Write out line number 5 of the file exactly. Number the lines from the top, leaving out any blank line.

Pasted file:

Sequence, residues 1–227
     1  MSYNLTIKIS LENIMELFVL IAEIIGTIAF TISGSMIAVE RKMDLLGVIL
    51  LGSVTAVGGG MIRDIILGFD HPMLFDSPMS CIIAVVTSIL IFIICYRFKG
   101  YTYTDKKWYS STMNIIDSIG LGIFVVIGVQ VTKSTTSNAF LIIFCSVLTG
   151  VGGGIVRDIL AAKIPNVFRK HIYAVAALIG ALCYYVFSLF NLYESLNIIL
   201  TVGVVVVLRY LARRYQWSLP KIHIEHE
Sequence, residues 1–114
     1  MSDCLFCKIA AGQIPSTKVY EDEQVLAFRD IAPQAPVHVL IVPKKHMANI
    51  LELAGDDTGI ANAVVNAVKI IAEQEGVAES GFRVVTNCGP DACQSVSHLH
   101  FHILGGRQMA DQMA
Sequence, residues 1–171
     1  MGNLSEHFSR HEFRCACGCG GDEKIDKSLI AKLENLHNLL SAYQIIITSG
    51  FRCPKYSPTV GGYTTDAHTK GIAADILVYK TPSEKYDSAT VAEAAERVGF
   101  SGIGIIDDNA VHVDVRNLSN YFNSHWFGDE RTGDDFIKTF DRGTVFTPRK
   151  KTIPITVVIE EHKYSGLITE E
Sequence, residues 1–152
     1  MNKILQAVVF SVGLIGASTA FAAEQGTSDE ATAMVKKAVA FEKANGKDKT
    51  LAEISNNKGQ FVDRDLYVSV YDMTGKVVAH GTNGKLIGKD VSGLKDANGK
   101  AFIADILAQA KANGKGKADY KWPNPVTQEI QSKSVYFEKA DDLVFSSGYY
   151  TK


   151  VGGGIVRDIL AAKIPNVFRK HIYAVAALIG ALCYYVFSLF NLYESLNIIL